Why Colon Cancer Won’t Be 100% Cured By A Mouse Study.

As someone who’s had colon cancer, I was excited by the Newsmax headline that trumpeted. “3-Step Treatment Cures Colorectal Cancer in Mice” (yes, I use a variety of news sources, NPR to Newsmax). But when they said that this new treatment was 100% cure, I got suspicious. 

When I get suspicious, I go digging. The Newsmax story didn’t give me enough specifics to find the original medical article, but I found it eventually. The original title is a mind-numbing, “Curative Multicycle Radioimmunotherapy Monitored by Quantitative SPECT/CT-Based Theranostics, Using Bispecific Antibody Pretargeting Strategy in Colorectal Cancer.” It makes me wonder if I missed the class in medical school on how to write the most boring headlines imaginable. 

The most exciting word of the headline is “curative.” These mice were cured. But these mice didn’t get colon cancer the normal way (bad lifestyle choices and poor genetics). They had human colon cancer cells xenografted onto them. If that sounds Dr. Frankensteinish, it is. You get a specifically bred mouse that won’t reject the human cells, then you graft on separately grown cancer cells. The result may or not be relevant to even cancer growth in regular mice. A lot of cancer research has moved away from these mice because regular mice give us a better sense of regular cancer growth. But the xenograft can use human cells, that may or may not give us a better sense of how human cancers would respond to a treatment.  

So maybe this is a cure for colon cancer? Well…maybe. How many mice were treated? Ten. How many got better? Ten, but they only assessed nine of the mice under a microscope. The abstract didn’t mention what happened to the tenth mouse. 

Before I sign up for this particular treatment, I think I’ll at least wait for the bigger mouse trial. Call me a skeptic, but I like at least a hundred xenografted Frankenstein mice in my studies before I think about it. Not to mention a primate trial, small experimental human trials on metastatic patients, and finally a large-scale trial of human patients. In other words, we’re years from having this news really be news you can use. 

Dr. Sarno, All THE RAGE, and Chronic Back Pain.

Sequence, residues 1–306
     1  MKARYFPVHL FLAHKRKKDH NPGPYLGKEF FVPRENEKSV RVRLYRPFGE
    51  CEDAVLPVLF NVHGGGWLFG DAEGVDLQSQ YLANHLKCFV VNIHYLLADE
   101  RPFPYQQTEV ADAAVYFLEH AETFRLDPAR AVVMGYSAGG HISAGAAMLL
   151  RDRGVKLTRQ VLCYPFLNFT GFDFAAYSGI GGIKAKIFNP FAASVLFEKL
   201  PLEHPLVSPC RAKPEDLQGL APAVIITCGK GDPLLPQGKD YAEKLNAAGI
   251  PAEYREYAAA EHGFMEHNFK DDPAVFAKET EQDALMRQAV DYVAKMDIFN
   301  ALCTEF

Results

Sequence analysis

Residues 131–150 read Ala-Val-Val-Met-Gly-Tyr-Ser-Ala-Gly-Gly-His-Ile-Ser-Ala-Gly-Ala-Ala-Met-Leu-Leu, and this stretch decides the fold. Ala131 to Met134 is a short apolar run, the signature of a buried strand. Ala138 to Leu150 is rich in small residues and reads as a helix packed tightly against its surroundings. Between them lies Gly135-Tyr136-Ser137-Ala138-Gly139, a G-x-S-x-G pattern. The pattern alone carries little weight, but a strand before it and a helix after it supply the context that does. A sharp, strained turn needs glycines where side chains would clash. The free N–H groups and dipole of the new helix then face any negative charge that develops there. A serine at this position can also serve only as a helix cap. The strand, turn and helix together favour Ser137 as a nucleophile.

Today, for those of us in the chronic back pain field, Dr. Sarno is a bit of a legend. He has a perpetually best-selling book, multiple celebrity endorsements, and an established place in the NY medical community. When I wrote my own book on chronic back pain, I looked at him as a leader in the field. 

But the movie All The Rage brings that idea into a sharp contrast with the reality of Dr. Sarno’s ideas being largely ignored by his colleagues. Not just ignored, disregarded as foolish. In a world where we cut, inject, and numb with our strongest painkillers, Dr. Sarno’s solution of the mind has no place. His results were disregarded as placebo, and his colleagues did not refer their patients to him because they did not believe what he was doing could work.

In the past year we have had the medical realization that our strongest painkillers are not more effective than lesser, over-the-counter medication. They are also addictive, creating a crisis that kills patients and robs others of their health. Our surgeries are not as effective as advertised, leaving half of those going under the knife still in agony. We have no better solutions, and Dr. Sarno seems all the wiser for seeing the obvious well before the rest of his colleagues.

Is Dr. Sarno’s mind-over-pain the answer? No. But it is half the answer. The half that has been silenced, ignored, and ridiculed. Today we know that a patient’s emotional state before a surgery has as much effect on the pain after the surgery as the best surgical team. We know that chronic pain can appear and continue with or without any visible mechanical problem. And we know that the mind, when used properly, can be more effective at pain management than our most powerful drugs.